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SSO Domain Repointing was introduced in vSphere 6.7 to allow the repointing of a vCenter Server from one SSO Domain to another. Let's say you have an environment with a couple of vCenter Servers, each within one site. One day, your boss tells you that your company just bought another company and that you need to manage the new environment. By repointing the other company’s SSO domain to your company's SSO domain, you'll be able to "join" that other vCenter Server to your organization and manage all the vCenter Servers with Enhanced Linked Mode (ELM). You can also use repointing to separate SSO domains if your company sells one part of the business to another company.
This post is quite technical, but don't worry—we explain all the necessary operations and the tools you'll need in detail.
Note this is not supported with vCenter installed on Windows. It works only with vCenter Server Appliance (VCSA).
In our example below, you can see we have a vCenter Server with an SSO domain called "company.com," and we'll be migrating it into an existing domain called "vsphere.local."
We must first enable SSH and the BASH shell to be able to log in to our VCSA appliance via the SSH client. To do so, connect to the administration interface of the VCSA via https://ip_of_vcsa:5480 and log in with the root account and password.
Then go to Access > Edit
Click the SSH login and BASH shell by entering some value greater than 0 for the BASH shell.
Now log in to the VCSA appliance via a Putty client. Putty is one of the free SSH clients I use in my lab. There are many other SSH clients; it is easy to find them on the Internet.
Let's log in to our source VCSA appliance now. After providing root credentials at login, type "shell" to access the BASH shell.
We can then issue a command that will show us the various options that are available for repointing or reconfiguring the SSO domain.
Many architectural options are possible, since VMware Platform Services Controller (PSC) can also be installed as a separate virtual appliance. But in our case, we have PSC running on the same virtual machine (VM) as the vCenter Server.
Type the "cmsso-util" command and press Enter.
We will be migrating this vCenter Server into an existing SSO domain, so we need to do a "precheck" operation and review any conflicts. After the precheck, we can use the "execute" option, which will, as its name suggests, execute the actual operations.
Note: You might also need to merge two domains to create a third (new) SSO domain, rather than migrating anything to an existing domain. In this case, you don't need to perform the precheck since you don't expect any conflicts.
The default resolution mode for Tags and Authorization conflicts is Copy, so even if you don't verify whether there are conflicts, you might end up with some doubles at the destination.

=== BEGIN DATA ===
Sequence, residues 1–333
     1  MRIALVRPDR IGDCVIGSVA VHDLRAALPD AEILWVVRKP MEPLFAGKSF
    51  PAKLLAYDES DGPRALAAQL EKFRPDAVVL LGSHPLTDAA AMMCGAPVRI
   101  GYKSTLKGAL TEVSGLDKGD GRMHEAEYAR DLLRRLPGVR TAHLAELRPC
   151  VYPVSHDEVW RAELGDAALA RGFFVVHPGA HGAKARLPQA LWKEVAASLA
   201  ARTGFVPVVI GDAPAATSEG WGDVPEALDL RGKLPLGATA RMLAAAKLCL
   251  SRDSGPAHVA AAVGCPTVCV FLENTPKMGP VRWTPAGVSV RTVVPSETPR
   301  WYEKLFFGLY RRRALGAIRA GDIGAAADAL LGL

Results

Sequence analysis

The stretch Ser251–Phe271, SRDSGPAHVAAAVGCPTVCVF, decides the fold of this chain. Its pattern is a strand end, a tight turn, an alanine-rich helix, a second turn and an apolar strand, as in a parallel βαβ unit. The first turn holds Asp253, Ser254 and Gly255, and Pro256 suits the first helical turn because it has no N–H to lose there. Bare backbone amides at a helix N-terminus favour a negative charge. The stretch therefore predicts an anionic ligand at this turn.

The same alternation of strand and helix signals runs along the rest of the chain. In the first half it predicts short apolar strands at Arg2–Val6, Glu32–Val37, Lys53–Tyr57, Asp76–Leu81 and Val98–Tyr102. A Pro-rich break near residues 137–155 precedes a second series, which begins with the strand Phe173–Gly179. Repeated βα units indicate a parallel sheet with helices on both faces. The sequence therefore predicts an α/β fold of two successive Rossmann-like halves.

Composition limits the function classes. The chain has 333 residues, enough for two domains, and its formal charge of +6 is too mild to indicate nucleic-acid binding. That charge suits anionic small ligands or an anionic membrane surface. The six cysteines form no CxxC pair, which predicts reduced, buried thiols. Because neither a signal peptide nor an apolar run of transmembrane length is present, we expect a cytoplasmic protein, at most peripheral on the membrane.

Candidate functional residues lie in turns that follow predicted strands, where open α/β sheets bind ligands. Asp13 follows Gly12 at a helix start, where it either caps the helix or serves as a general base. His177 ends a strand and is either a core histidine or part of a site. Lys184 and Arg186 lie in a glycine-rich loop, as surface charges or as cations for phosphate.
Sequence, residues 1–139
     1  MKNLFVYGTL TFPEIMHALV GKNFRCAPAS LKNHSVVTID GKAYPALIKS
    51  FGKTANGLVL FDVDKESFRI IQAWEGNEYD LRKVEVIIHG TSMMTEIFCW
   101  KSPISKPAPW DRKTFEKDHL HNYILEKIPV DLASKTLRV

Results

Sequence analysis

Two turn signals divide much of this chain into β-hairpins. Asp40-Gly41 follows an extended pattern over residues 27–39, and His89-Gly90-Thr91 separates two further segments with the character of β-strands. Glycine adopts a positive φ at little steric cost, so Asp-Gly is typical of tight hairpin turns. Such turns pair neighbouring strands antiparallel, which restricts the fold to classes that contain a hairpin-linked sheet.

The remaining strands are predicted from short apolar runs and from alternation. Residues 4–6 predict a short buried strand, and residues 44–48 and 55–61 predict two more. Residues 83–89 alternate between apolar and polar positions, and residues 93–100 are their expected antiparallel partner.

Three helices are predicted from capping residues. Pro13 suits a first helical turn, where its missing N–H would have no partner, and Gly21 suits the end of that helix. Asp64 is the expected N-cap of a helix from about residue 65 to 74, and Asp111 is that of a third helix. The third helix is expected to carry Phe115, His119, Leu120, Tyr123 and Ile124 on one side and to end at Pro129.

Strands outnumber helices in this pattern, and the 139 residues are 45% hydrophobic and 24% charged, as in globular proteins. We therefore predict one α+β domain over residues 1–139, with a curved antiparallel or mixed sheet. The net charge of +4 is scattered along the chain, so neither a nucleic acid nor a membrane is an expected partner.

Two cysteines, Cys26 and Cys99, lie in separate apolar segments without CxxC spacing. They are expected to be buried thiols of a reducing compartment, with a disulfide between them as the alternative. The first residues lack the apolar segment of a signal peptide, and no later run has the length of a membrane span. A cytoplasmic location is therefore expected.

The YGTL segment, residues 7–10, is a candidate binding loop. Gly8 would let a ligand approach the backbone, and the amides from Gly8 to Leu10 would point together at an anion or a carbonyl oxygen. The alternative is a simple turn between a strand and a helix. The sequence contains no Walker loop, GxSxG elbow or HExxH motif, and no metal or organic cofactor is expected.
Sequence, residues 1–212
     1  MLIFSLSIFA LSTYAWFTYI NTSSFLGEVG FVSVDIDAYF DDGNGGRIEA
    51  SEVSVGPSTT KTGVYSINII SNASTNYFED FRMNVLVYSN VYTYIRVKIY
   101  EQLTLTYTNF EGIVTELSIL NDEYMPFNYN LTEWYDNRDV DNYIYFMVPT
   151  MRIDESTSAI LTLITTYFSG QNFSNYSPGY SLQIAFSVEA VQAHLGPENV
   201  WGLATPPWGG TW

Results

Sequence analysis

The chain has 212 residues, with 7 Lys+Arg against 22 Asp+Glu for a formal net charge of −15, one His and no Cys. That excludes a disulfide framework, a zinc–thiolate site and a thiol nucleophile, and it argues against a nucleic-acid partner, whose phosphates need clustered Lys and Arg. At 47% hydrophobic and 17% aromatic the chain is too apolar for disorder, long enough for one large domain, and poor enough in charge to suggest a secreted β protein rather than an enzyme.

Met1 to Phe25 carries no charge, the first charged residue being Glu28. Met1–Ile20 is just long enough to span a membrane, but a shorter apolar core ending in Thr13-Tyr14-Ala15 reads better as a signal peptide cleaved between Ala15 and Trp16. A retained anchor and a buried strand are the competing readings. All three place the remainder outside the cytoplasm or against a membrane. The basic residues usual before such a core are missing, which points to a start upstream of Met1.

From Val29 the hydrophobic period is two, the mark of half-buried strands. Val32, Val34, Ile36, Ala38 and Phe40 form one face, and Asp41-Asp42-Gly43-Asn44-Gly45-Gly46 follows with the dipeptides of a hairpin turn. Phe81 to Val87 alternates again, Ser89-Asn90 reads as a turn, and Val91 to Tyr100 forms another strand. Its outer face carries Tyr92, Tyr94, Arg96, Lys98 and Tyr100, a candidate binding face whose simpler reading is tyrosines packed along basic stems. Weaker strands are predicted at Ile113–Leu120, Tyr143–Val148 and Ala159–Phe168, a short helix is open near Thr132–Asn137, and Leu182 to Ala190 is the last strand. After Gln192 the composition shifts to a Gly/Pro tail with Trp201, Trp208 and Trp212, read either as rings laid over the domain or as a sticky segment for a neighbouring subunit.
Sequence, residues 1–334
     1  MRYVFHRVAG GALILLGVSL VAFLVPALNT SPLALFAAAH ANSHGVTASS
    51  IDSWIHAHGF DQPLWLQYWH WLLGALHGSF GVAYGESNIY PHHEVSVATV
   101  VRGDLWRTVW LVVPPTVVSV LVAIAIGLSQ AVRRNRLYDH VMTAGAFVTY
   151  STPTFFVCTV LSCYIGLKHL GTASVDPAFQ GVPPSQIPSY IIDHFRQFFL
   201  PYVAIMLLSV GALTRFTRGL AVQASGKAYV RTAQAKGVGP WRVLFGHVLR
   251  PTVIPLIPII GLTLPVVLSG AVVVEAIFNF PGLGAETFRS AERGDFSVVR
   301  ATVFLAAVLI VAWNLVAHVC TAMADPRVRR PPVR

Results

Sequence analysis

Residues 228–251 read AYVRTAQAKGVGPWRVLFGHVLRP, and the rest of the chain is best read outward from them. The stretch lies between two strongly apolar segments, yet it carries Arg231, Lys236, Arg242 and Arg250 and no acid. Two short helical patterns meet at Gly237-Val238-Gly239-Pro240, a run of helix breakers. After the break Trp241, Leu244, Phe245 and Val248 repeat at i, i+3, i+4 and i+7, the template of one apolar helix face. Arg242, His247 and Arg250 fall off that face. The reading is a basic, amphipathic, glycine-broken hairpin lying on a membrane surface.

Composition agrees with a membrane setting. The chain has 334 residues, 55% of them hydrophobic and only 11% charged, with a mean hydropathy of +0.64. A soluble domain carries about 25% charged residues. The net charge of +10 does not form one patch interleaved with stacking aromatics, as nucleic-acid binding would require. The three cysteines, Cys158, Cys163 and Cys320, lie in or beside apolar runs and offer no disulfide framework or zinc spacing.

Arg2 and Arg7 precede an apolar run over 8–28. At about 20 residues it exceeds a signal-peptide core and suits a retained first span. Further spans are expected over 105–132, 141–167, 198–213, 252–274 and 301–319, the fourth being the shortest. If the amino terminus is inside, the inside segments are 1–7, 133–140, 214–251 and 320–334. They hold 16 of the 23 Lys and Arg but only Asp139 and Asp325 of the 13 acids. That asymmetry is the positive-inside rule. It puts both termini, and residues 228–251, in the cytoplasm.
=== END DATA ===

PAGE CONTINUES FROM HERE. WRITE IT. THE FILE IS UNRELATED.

We'll launch the precheck command now.
cmsso-util domain-repoint -m pre-check --src-emb-admin Administrator --replication-partner-fqdn FQDN_of_destination_node --replication-partner-admin PSC_Admin_of_destination_node --dest-domain-name destination_PSC_domain
In my case, the command looks like this:
cmsso-util domain-repoint -m pre-check --src-emb-admin Administrator --replication-partner-fqdn vcsaphoton.lab.local --replication-partner-admin Administrator --dest-domain-name vsphere.local
where my destination domain name is "vsphere.local" and my destination VCSA fully qualified domain name (FQDN) is "vcsaphoton.lab.local."
Note: I recently wrote an article entitled Change a VMware vCenter Server Appliance (VCSA) system name (FQDN). You might find it useful.
You are prompted for the Administrator's password twice, once for the source vCenter Server and once for the destination vCenter Server.
Validate by typing "Y." After few minutes, you'll get a recap screen that looks like this:
You should now go and check the "conflicts.json" file, as you see on the screen. For our lab article, we know we do not have any tags or authorizations that would conflict with the destination system, so we can skip that.
After the precheck, we can now finally use the "execute" option, which has replaced the "pre-check" option. This time, the operation takes more time as the system must not only copy all files over to the destination, but also uninstall the platform services controller and reinstall it.
cmsso-util domain-repoint -m execute --src-emb-admin Administrator --replication-partner-fqdn vcsaphoton.lab.local --replication-partner-admin Administrator --dest-domain-name vsphere.local
Here is the screenshot.
To check out the changes, let's have a look at the VCSA management user interface.
After repointing, you can verify the VCSA management interface
Then connect to your vCenter Server as usual and select Menu > Global Inventory list.
The second vCenter Server is displayed here.
If your architecture has some external PSCs, you should consult VMware online documentation and search "syntax of the domain repoint command" because you would need to use different options for external PSCs. It's a shame this command is only available via the command line and is not integrated into the VCSA user interface. It might just be a simple question of time and we will see it in the next major version, though.
This is usually case with VMware, as we could see it with a conversion tool used to convert external PSCs into embedded ones. Starting with vSphere 6.7 Update 2, VMware has provided this utility integrated into the vSphere management user interface, where it was previously available only via a command line.